Cancer survivors from historically marginalized racial and ethnic groups who experience racism are more likely to report physical, mental, sleep, and activity issues during survivorship, researchers reported in study results published in Cancer. 

The researchers analyzed data from 48,200 survivors in the Behavioral Risk Factor Surveillance System (BRFSS) database’s cancer survivorship and reaction to race modules. BRFSS’s reaction to race module measures the effects of physical and emotional racism. The study population was 81% White, 10% Black, 4% Hispanic, 1% Asian, 1% multiracial, 1% American Indian or Alaska Native, 0.5% Native Hawaiian and Pacific Islander, and 0.5% additional groups.  

They found that all survivors in historically marginalized racial and ethnic groups who faced physical and emotional racism were more likely to experience at least one adverse health outcome compared with non-Hispanic White survivors. Specifically, they had increases in:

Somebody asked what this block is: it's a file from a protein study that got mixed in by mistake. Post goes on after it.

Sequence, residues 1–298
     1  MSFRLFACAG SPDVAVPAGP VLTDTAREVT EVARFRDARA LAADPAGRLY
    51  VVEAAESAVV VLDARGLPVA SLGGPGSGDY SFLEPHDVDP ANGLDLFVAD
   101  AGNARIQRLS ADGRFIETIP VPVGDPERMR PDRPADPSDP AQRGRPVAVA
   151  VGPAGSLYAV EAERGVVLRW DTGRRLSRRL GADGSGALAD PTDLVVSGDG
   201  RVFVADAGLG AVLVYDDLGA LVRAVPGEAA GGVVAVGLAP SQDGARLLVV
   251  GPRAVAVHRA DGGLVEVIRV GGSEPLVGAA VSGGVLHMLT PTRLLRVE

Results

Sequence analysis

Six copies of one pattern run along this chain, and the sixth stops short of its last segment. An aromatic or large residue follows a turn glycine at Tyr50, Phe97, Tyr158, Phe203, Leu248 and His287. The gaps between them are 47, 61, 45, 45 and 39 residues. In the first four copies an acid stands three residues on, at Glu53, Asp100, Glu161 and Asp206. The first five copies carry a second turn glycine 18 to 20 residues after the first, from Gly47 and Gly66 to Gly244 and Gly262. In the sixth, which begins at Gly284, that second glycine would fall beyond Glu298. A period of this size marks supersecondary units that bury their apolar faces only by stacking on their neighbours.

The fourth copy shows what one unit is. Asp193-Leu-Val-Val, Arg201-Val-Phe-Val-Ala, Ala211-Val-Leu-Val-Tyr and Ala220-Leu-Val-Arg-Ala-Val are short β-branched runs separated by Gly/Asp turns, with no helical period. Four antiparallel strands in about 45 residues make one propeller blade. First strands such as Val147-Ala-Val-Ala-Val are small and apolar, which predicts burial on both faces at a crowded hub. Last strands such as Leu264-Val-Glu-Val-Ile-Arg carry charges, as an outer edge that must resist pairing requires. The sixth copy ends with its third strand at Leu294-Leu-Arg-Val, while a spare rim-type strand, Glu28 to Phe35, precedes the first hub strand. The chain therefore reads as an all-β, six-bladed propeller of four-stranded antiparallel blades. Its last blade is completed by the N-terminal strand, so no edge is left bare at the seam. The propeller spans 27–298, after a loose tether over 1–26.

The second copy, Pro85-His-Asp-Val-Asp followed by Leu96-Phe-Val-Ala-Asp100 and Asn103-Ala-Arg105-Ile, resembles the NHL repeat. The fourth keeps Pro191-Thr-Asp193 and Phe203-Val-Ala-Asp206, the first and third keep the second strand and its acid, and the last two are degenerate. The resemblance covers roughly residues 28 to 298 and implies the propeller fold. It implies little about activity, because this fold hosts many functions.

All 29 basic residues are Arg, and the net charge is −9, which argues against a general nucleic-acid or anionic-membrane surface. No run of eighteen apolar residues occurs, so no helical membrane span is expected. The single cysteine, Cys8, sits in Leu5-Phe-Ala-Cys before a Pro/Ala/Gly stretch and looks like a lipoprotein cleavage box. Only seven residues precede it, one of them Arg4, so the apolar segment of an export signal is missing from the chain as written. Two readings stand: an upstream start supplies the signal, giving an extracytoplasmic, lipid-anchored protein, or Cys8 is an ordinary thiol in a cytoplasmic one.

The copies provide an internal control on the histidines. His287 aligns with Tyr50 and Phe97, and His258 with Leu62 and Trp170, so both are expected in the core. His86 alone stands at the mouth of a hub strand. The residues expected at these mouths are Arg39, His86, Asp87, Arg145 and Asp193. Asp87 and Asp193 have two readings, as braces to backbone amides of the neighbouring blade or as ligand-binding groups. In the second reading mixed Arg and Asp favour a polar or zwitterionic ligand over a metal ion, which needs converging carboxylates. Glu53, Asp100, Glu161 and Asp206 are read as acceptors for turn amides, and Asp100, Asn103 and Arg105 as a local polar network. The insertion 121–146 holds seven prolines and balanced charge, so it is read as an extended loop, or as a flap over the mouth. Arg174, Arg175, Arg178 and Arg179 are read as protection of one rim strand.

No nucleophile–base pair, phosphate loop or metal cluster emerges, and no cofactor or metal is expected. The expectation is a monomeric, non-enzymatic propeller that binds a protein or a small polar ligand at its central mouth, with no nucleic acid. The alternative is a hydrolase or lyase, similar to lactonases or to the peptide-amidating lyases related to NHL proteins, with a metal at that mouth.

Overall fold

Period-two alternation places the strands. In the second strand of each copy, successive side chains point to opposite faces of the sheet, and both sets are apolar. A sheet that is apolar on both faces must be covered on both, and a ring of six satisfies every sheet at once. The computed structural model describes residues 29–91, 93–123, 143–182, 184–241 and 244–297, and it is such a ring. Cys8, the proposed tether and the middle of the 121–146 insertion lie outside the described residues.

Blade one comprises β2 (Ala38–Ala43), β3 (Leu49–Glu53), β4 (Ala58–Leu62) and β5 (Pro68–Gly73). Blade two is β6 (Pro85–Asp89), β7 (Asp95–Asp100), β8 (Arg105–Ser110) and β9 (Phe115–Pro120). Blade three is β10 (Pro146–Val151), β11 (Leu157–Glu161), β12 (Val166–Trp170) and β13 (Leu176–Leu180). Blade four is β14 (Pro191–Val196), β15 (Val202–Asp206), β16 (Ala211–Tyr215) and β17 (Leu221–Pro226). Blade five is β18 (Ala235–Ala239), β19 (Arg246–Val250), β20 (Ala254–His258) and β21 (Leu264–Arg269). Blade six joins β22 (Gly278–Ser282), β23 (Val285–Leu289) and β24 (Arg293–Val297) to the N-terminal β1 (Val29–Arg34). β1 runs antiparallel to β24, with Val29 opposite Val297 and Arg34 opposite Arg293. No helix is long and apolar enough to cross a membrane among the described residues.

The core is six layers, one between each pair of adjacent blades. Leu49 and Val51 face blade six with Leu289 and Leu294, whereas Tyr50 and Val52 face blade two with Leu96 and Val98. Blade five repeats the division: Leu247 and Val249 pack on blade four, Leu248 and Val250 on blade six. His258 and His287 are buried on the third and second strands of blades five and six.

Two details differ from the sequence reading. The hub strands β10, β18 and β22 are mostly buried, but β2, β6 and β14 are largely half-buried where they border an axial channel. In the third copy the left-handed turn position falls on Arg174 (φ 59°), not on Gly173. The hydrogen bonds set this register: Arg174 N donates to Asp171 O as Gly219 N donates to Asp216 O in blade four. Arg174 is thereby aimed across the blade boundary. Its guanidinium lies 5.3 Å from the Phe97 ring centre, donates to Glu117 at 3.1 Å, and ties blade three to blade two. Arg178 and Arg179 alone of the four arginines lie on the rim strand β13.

• Poor mental health (3.51-fold) 
  • Depression (2.33-fold) 
  • Inadequate sleep (2.14-fold) 
  • Poor physical health (2.10-fold) 
  • Activity limitations (1.42-fold) 

“Our findings suggest racism is associated with poor mental and physical health in survivors of cancer,” the researchers wrote. “Improving outcomes for survivors of cancer may require screening for experienced racism.” 

Previous studies have evaluated a variety of perceived racism and discrimination screening tools, including the Perceived Racism Scale. Read ONS’s diversity, equity, and inclusion statement for oncology nurses, use tools like the Implicit Bias Huddle Card, and connect with other ONS members about the health needs of diverse patient populations in the Minority Nurses Alliance ONS Community